But that's until I had second thoughts.

Real Stone Wins Out

The lazy man in me could put up with a fake fire but I was struggling with the concept of fake stone. Mind you, manufactured stone is very prevalent these days and a lot of it looks great.

stone fireplace installationDay 1 - Prepped With Mortar Basecoat

But to be truthful, I've always loved natural products like wood and stone in a home. The fireplace was going to be a focal point in the new family room and I just couldn't reconcile the fact that I'd be staring at fake stone for the next umpteen years.

After pleading my case with my spouse we switched gears and decided to install real stone. I had already run the numbers and while it would be a bit more expensive, it wasn't that much more than what we would have paid for the faux stone. This generated a change order to the remodeling contract but it was one I was glad to sign.

stone veneer fireplaceThe Selection Of Stone Veneer Pieces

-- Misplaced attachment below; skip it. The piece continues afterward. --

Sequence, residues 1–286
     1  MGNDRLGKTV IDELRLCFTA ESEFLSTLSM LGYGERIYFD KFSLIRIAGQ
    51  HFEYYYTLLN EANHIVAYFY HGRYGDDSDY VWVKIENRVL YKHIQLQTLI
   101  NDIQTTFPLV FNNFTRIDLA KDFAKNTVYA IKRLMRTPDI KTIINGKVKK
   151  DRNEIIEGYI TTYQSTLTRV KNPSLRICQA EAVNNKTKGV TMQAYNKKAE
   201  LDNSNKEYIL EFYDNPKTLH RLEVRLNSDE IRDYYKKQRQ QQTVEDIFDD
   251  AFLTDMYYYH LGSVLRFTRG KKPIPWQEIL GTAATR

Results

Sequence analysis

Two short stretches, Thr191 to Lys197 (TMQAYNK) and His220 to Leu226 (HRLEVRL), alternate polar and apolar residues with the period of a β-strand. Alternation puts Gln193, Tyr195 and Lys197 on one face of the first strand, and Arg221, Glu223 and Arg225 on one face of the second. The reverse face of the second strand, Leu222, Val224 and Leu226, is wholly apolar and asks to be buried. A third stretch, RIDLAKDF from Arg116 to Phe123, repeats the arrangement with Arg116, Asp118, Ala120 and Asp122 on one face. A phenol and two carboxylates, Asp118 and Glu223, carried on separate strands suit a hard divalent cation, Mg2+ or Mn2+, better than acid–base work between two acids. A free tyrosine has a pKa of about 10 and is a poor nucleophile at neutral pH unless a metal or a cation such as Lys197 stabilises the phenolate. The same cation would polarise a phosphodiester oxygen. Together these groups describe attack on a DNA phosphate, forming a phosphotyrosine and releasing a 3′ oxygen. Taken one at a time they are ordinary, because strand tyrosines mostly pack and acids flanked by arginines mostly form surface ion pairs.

The stone we chose was a version of limestone, quarried not too far away in Wisconsin. The stone was also a thin veneer product, sliced from larger pieces of rock into thinner facings and corner pieces. Using stone veneer doesn't require special footings and structural needs like a "real" full-block stone fireplace would.

The interesting part about choosing real stone is that you can try and dial in a particular color but you essentially get what nature gives you. We ordered a 70/30 mix of stones that varied from very neutral to a medium color intensity. We ended up having to buy another box of the more colorful stones because the original allotment didn't have enough color.